Moby Dick by Herman Melville is the classic novel possessing the iconic white sperm whale, whose image graces the cover of this binding by Edgar Mansfield. Following the design of Baudelaire’s Les Fleurs du Mal (1952) and A Rage to Live by John O’Hara (1952), Mansfield created this design for Moby Dick in 1953. Tooling in black, Mansfield creates movement and depth with variations in tone and line width. The book is bound in a native dyed red morocco.
Posts Tagged ‘edgar mansfield’
November 25, 2012 by Erin Fletcher
November 18, 2012 by Erin Fletcher
This is an earlier binding from Edgar Mansfield, before he really developed his expressionist style. Room and Book by Paul Nash was published by Soncino Press in 1932 and was bound by Mansfield in 1941. Covered in yellow ochre and red brown morocco with inlays in natural, red, browns and black. All tooling in gold.
I particularly love this binding because of its rigidly angular and balanced design; a nice transition from the popular Art Deco bindings and to the surrealist and expressionist designs he’s best known for.
November 11, 2012 by Erin Fletcher
I wish this image were in color, it’s a really striking design; the marks are almost sketch-like appearing at random to build a dimensional landscape. Thirstland Treks by Carel Birkby was printed by Faber and Faber in 1936 and this copy was bound by Edgar Mansfield in 1948. Covered in a native dyed yellow-brown morocco skin with slight creasing in the grain. The tooling is a combination of light and dark blind with a small amount of gold on the cover and spine.
This is the first experiment with using the grain as an active and expressive element in the design.
Reference: Modern Design in Bookbinding: The Work of Edgar Mansfield, pg. 27
November 4, 2012 by Erin Fletcher
Throughout Edgar Mansfield’s career as a bookbinder, he bound several copies of Victor Gollancz’s Through the Woods. Twelve of them are represented in The Work of Edgar Mansfield. The binding in the first image was bound in 1958; covered in a native tanned natural morocco with brown markings (both natural and added by Mansfield). The grain creases were induced during covering. All tooling is blind, with inlays of rust-red, greens and chrome yellow.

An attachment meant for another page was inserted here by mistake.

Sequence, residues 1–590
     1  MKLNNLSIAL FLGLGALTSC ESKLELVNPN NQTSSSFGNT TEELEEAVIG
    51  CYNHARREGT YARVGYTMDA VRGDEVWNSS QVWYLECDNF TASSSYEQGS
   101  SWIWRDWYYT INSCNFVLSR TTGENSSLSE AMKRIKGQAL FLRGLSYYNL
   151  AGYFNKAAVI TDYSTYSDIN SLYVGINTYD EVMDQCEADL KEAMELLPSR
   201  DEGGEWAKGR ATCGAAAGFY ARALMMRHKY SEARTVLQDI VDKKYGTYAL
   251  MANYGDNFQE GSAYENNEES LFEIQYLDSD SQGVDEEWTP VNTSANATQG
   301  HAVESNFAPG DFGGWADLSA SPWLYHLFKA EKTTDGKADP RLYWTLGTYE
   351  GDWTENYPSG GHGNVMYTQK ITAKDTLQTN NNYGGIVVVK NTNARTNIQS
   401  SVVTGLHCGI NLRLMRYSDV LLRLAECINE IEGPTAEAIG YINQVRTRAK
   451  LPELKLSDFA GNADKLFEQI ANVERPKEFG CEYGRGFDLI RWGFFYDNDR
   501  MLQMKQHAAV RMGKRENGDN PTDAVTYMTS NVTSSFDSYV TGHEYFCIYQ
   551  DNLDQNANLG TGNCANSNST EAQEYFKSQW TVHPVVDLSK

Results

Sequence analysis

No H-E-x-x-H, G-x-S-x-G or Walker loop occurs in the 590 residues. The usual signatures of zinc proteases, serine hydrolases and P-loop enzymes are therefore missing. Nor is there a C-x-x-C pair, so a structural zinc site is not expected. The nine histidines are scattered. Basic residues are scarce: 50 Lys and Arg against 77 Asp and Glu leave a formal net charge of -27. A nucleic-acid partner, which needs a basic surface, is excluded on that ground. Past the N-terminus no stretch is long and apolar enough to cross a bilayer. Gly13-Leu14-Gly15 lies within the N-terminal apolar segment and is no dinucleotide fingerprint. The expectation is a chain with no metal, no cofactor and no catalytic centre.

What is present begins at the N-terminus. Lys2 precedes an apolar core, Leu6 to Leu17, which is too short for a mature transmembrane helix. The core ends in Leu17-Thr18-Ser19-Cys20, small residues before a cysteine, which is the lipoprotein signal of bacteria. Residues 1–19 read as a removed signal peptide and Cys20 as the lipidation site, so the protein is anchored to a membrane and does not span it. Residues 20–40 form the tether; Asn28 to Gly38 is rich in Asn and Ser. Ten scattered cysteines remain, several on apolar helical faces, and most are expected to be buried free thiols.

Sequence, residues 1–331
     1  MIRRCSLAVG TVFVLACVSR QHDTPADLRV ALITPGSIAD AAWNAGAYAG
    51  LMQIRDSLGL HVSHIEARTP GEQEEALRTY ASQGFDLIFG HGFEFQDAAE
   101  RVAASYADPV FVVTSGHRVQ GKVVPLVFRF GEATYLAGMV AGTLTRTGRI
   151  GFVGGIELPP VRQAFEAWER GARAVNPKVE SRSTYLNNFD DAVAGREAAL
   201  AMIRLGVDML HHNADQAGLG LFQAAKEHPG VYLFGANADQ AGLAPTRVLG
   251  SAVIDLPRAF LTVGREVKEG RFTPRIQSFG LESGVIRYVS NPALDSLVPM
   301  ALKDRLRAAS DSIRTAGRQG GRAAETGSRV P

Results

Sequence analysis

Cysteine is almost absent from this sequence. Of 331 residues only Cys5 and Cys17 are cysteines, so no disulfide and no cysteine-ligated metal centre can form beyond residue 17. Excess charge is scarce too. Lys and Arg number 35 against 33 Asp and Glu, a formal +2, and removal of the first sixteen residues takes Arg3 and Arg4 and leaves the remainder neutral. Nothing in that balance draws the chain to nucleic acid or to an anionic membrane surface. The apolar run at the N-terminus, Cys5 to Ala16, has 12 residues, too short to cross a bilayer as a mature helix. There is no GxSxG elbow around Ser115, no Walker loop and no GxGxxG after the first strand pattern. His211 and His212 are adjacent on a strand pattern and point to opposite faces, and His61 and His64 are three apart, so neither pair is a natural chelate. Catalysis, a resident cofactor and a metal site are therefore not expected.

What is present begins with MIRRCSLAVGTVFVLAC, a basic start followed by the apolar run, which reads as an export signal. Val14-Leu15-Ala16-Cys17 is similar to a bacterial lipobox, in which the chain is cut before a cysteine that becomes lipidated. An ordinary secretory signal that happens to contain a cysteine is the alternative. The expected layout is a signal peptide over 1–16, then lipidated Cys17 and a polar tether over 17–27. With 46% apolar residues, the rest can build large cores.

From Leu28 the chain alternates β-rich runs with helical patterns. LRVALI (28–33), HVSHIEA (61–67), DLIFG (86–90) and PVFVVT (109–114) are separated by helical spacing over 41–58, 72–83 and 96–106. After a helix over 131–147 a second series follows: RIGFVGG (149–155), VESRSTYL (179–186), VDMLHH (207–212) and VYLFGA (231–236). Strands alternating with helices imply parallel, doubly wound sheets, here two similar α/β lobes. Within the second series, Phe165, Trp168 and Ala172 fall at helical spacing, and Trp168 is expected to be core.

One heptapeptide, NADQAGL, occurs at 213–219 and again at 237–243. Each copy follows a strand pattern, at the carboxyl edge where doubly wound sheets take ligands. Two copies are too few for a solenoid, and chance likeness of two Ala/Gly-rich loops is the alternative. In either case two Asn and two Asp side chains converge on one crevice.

left side: Bound in 1959 in a native dyed red morocco. The inlaid design spans over four levels built into the cover; inlay leather of chrome yellow, warm black, stone, neutralised green, natural and lemon yellow. All tooling in blind.
right side: Bound in 1959 in a native tanned natural morocco with natural markings. The grain was creased during covering. All tooling in blind; the solid areas are built up with a short pallet to produce tonal and textural variations.
left side: Bound in 1960 in a native tanned natural morocco. Inlaid design spans over three levels built into the cover; inlay leather of white, yellows, orange, browns and greens. Tooling in green and blind.
right side: Bound in 1960 in a native tanned natural morocco with creases added to the grain while covering. Brown staining was added to the areas of the leather built up. Recessed inlays in yellow, red, white, black, grey and green. Tooling in light and dark blind.
November 3, 2012 by Erin Fletcher
Edgar Mansfield was born in London in 1907. Four years later his parents took him to New Zealand where he spent the next 23 years of his life before returning to England.
Starting in 1948, Mansfield began teaching at the London School of Printing, where in regards to bookbinding was a advocate for expressive design inspired by the spirit of the book as opposed to decorative pattern making. Mansfield developed as a binder outside of traditional training, his approach was first as an artist and then a craftsman. However, his execution was impeccable; he excelled in inlays and onlays, shaped his own finishing tools, and developed a technique to heighten the texture of leather during cover. Fellow binder Trevor Jones wrote the following after Mansfield’s death in 1996:
The nature of the surface of a Mansfield binding and its tactile quality is most important, as befits the work of a sculptor. His preference was always for unpolished and unpressed goatskin enlivened with surface markings and blemishes, especially the native tanned and dyed skins once obtainable from Nigeria that displayed variations of tone and colour, if necessary with his own added ink markings. He often heightened the grain texture on the leather of his bindings by rolling the damp skin on itself before pasting, and later brushing towards the spine with the palm of his hand across the surface of the leather in the act of covering the book….